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Rugby World Cup: Aerial bombardment just won't cut it for Ireland when they face the best

Tony Ward

Published 20/10/2015

World of trouble: Ian Madigan attempts a kick against Argentina
World of trouble: Ian Madigan attempts a kick against Argentina
Ireland coach Joe Schmidt faces the media on the side's arrival back in Dublin yesterday
The loss of players like Paul O'Connell was a big blow to Ireland's chances

We can never say never but I doubt we will ever have a better opportunity to go where no Irish side has gone before as presented at this World Cup.

We rode our luck early and save for the loss of Tommy O'Donnell (Rhys Ruddock had been ruled out long before) were operating from fairly close to a full hand.

Sadly that all unfolded against the French and no we are not looking for any soft excuse. We are a small rugby-playing nation still evolving ... fact, not opinion. The loss of players of the experience, calibre and influence of Paul O'Connell, Peter O'Mahony and Sean O'Brien cannot easily be dismissed.

Think New Zealand, a country in which rugby is the national obsession (Gaelic games, soccer and rugby all rolled into one) minus Richie McCaw, Kieran Read and Dan Carter and those of half decent persuasion might just get the drift. Beating Argentina was always set to be an uphill battle but in turning up in our Italian mode as opposed to French we turned that incline into a mountain.

Ahead of Sunday's quarterfinal I believed it to be 50/50. Had we had O'Connell. O'Mahony and O'Brien in situ I believe we could have strangled them. That of course we will never now know but what we do know for sure is that the better team playing the more appropriate brand of world cup rugby won in the end every bit as convincingly as the final scoreline suggests.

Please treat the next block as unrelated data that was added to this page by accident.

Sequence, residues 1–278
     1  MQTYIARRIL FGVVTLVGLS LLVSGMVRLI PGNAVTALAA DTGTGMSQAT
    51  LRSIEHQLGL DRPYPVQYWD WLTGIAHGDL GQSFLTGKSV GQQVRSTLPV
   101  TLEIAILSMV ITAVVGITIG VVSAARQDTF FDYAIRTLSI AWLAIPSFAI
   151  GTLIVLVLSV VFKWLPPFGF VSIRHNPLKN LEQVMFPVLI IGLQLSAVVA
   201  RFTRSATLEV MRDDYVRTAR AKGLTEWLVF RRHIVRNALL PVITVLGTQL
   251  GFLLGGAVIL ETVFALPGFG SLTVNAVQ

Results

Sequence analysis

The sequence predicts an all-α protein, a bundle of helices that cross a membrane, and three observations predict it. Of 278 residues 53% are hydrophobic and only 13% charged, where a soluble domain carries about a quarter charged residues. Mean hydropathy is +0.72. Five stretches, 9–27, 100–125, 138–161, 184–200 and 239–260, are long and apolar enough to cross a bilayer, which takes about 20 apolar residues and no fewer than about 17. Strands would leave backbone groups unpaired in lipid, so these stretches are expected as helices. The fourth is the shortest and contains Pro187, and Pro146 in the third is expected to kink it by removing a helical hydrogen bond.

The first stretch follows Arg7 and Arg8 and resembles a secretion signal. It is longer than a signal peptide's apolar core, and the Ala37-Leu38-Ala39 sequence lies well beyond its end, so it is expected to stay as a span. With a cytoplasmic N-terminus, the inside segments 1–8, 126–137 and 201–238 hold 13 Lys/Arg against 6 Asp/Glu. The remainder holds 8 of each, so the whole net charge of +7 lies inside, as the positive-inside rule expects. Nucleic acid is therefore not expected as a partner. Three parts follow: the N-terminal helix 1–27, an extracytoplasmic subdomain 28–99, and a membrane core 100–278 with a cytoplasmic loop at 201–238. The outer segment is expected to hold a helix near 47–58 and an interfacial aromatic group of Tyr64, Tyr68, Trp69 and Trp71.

For Joe Schmidt, for Irish rugby and for the extraordinary support the game has enjoyed over the past month it represented a very hollow ending indeed.

We have seen what Schmidt can do with a talented back line given what he inherited when he first took over at Leinster. Equally when it comes to cutting his cloth and still striking that winning formula the last two seasons with Ireland speak for themselves.

We all basked in that success and the feelgood factor it generated but was it ever enough to compete with and overcome the best of the Southern Hemisphere at a World Cup?

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No, nay, never. And therein lies the real message from Sunday's reality check. We are as good if not better than any of the other Five Nations north of the zero line when it comes to playing percentage rugby and we can come out on top in the occasional autumn international. But enough to win a Rugby World Cup? Never, never and never again.

While obviously keeping his real feelings under wraps Schmidt knew we hadn't a snowball's hope in hell - even with the three Os - of beating New Zealand.

The objective was to play in seven world cup matches for the first time ever and for sure that would have been some achievement. The French shoot out took a heavy toll and once our limited pick and drive, kick and chase strategy was missing key personnel we were set to be stretched, literally and metaphorically, by far more ambitious opposition.